• Tuesday, Nov 13, 2018
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963 criminal cases filed against juveniles remain neglected

  • Published at 02:33 am April 17th, 2018
963 criminal cases filed against juveniles remain neglected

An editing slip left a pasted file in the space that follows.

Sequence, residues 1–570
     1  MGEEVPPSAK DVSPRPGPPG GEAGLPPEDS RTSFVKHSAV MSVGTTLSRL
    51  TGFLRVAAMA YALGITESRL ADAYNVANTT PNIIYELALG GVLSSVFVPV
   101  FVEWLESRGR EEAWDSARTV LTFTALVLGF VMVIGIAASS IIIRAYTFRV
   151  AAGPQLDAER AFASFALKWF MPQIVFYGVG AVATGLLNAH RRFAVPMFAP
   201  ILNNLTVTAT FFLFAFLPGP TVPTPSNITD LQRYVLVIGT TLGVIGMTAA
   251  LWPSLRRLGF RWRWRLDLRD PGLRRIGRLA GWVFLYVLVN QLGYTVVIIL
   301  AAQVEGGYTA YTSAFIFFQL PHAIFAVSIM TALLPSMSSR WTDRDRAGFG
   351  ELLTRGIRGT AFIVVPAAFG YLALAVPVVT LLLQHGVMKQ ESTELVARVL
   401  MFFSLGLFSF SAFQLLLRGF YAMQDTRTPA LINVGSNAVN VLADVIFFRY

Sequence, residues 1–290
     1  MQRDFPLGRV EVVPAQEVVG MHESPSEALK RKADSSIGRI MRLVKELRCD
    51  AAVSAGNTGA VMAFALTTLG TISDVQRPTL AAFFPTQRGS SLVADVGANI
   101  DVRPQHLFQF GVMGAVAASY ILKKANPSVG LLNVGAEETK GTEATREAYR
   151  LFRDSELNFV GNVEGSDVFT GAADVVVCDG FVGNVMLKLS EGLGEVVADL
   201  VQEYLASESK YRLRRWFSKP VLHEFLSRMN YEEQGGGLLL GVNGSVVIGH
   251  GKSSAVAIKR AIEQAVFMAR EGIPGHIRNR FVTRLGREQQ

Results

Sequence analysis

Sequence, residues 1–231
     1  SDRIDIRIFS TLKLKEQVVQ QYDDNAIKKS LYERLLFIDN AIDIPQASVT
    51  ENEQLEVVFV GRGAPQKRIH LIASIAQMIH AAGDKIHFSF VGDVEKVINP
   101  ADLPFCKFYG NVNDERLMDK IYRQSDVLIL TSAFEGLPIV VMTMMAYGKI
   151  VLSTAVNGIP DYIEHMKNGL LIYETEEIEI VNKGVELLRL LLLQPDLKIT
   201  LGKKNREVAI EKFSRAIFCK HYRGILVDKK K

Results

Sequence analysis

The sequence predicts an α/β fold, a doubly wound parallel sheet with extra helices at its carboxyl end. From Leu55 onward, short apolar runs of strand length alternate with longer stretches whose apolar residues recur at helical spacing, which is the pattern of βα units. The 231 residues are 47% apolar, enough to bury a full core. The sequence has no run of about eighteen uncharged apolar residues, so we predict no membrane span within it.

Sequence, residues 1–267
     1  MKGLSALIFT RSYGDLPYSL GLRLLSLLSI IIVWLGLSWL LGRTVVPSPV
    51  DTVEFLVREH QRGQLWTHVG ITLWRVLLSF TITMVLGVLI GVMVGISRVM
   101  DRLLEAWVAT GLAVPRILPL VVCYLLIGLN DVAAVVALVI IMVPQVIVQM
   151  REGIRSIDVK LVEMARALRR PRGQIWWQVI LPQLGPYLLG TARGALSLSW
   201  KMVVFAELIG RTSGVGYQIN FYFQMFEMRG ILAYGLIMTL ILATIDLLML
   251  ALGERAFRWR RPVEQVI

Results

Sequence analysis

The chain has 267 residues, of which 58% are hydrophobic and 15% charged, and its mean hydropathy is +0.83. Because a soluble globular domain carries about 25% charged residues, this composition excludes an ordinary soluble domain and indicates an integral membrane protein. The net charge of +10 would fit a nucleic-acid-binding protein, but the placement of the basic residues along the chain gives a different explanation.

A backlog of almost 1,000 criminal cases filed against juveniles in Dhaka is being blamed on the non-appearance of witnesses and the “negligence” of police officers and lawyers. Since the Dhaka Juvenile Court was established by the government in 2015, it has received a total of 972 cases including 156 which were filed in other courts in the capital between 2000 and 2014. Although the law states that cases accusing children of crimes must be resolved within 420 days of their filing, the latest data shows 963 of the cases at Dhaka Juvenile Court are still pending. “The number of pending cases is increasing as the cases are not being attended to in time due to negligence of related officials, including lawyers and law enforcers,” said a court source on condition of anonymity. Rights activists blamed negligence of the authorities concerned for poor implementation of the Children’s Act 2013. They said the act – which repealed the Children’s Act 1974 – remains “almost ineffective” as the government is yet to take the necessary steps to implement it. Shahabuddin Ahmed Bhuiyan, public prosecutor of the juvenile court, denied the claims of negligence. “We are trying to dispose of the cases but the process has been delayed due to non-appearance of witnesses,” he said. One adult suffering at the hands of the drawn out juvenile legal system in Dhaka is Mobarak Ali Panna. He was arrested by Detective Branch (DB) of police from the Choudhurypara area of Malibagh when aged 18 in August 2002, on charges of possessing a firearm. Four months later, Khilgaon police submitted a charge sheet accusing Mobarak under the Arms Act. Although the trial started many days ago, it is yet to be completed as only two prosecution witnesses testified before the court in the case, said lawyer Humayun Kabir Khandaker. “My client is suffering due to the slow pace of the trial,” the lawyer said. Mobarak, who now works at a private company, maintains that he was framed in the case. “My family and I experienced mental pressure since the case was filed,” he said. “I served in jail for five months. I do not know what will happen in the judgment but whatever the verdict is I want it to be settled. We cannot bear it anymore.” Women’s rights activist advocate Salma Ali said the failure to complete trials in time was adding to the stigma already felt by those juveniles who were accused of crimes but who would later be proven innocent. “Society normally treats the accused as an offender,” she said. “If the trial takes place soon, the accused can get back to normal life after being acquitted. If the accused is found guilty, then it is a different matter.” Salma Ali said the cases filed against juvenile offenders normally get stuck in the system due to lack of coordination among police, lawyers and family members of both parties. In another case filed in September 2015, three grade VIII students stand accused of stalking a girl pupil at Jurain Ashraf Master Adarsha High School in Dhaka. Md Rifat, Md Tarique, and Sajjad Hossain Raju went on trial at the Dhaka Juvenile Court in November 2016 but only two witnesses have so far testified before the court and the proceedings are yet to be completed. On August 13, 2015, a case was filed with Tejgaon industrial area police station accusing 13-year-old Md Rasel of violating a three-year-old girl while they were watching television at her house. Although Rasel gave a confessional statement in the case, the trial is yet to finish. “We are waiting for justice,” said the girl’s mother. “I do not understand why he did this to my daughter. He was like my son.” Salma Ali said the tendency of young people committing crimes has increased in recent times. “Society is changing and (so) parents have to be more vigilant of their children’s activities and whereabouts,” she said. The rights activist also called for a more sensitive handling of juvenile cases. “The juvenile court should conduct the trial process in different ways, considering that the juveniles are not like grown adults,” she said.